Most people, the McKinsey article noted, have probably already set up their “nerve centres” to try to figure out what’s next and come up with virtual or contactless versions of their product or service. But with those falling barriers they should consider new partnerships, access to new platforms and digital marketplaces, and be prepared to move beyond their comfort zones.
[Related read: Digital transformation: hard, expensive and worth it]
Start with talent and hire for DX skills
Digital transformation, Engler noted, does not refer to a single big event. Instead, it's a number of discrete points marbled throughout the organisation. Gartner data shows that people with the skills needed for DX are being hired to work in corporate functions and various lines of business at double the numbers that the IT department is hiring them. The skill lines of business need might include user experience design, Python, cyber security, infrastructure knowledge, game development, API development, AI and more. McKinsey calls design thinking a key strategic skill.
Gartner data shows that people with the skills needed for DX are being hired to work in corporate functions and various lines of business at double the numbers that the IT department is hiring them.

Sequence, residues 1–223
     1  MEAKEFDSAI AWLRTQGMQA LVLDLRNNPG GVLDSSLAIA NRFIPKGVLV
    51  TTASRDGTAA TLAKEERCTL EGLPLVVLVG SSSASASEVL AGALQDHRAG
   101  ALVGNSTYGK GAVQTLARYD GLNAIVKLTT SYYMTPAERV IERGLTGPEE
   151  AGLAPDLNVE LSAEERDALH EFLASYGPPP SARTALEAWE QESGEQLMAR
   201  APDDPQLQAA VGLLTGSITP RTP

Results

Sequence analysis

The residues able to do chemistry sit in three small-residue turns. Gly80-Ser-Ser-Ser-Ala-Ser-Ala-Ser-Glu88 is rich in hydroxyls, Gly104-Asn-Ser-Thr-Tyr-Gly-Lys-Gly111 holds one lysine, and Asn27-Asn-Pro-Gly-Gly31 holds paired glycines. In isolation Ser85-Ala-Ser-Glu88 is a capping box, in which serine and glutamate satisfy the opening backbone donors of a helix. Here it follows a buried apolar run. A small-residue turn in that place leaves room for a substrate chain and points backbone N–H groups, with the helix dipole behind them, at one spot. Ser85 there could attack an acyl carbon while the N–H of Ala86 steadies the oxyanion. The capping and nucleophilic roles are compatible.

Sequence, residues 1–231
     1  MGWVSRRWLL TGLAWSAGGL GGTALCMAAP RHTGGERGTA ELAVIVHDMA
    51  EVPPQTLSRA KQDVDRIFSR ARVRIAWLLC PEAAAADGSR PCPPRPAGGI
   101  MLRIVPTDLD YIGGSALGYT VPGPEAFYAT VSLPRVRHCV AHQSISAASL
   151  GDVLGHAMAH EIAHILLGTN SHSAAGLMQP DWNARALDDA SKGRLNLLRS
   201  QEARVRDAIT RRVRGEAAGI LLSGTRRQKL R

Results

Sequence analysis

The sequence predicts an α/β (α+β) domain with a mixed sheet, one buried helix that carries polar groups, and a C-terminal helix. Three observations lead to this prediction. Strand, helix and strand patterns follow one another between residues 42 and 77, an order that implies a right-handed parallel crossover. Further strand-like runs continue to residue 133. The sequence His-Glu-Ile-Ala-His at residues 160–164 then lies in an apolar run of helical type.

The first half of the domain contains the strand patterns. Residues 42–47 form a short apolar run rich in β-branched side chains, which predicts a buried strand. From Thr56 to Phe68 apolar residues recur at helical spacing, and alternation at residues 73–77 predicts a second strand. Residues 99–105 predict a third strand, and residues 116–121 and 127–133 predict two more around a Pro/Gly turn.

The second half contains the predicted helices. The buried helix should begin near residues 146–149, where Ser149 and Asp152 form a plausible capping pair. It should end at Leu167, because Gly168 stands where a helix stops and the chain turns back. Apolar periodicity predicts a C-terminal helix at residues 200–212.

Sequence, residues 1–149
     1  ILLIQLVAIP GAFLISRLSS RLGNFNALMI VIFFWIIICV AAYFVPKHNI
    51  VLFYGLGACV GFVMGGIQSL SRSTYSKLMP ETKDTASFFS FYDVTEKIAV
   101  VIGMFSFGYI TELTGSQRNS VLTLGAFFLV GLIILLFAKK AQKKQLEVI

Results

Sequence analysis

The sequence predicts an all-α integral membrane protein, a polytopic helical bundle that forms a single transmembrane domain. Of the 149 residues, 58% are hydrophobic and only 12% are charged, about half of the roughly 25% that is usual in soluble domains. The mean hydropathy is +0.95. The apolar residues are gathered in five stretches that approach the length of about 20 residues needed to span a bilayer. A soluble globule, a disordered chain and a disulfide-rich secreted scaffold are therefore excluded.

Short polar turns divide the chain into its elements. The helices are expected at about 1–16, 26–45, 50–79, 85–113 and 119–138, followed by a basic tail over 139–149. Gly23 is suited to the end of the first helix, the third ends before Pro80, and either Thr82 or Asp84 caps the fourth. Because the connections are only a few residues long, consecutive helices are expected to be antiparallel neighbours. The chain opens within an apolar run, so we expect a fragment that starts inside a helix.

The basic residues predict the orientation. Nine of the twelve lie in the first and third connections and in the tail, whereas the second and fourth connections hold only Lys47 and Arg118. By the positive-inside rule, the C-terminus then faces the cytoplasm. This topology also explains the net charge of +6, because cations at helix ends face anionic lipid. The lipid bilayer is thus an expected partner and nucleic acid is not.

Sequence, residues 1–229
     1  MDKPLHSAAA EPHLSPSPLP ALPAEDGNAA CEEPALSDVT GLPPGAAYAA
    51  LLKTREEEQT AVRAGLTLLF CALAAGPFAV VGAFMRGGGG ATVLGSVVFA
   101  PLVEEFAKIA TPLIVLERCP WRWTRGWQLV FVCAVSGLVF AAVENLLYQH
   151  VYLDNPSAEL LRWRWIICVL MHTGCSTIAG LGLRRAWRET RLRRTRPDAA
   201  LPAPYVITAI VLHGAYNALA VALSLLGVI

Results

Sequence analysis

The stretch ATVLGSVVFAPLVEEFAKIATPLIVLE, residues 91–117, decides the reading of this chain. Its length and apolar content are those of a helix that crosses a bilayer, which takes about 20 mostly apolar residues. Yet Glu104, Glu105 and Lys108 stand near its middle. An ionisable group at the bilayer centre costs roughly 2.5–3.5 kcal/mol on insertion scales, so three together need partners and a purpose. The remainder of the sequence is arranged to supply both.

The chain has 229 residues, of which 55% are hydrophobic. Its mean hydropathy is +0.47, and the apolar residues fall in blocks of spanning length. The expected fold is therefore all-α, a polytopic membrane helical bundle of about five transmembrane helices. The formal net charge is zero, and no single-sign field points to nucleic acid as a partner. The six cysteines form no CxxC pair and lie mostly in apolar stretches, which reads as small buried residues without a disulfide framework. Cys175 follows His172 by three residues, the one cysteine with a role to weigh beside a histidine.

Engler and co-presenter Lindsey R Walsh, VP and team manager of TalentNeuron, noted that a sales role in the top five tech companies—Facebook, Amazon, Apple, Netflix and Google (known as FAANG)—requires skills like engineering, DX and science. As one Gartner article about the lack of skills threatening DX pointed out, “Even if non-technology companies don’t need employees to be quite so digitally literate as the tech giants, they will need to identify their requisite skills and prioritise a way to acquire them. This is especially critical if they hope to unlock the value of the competitive advantage embedded in the reimagined business model.”
Most companies make strategic decisions and then do budgeting and then workforce planning, Engler said. “It’s backward, and it doesn’t work, and it has never worked,” he went on.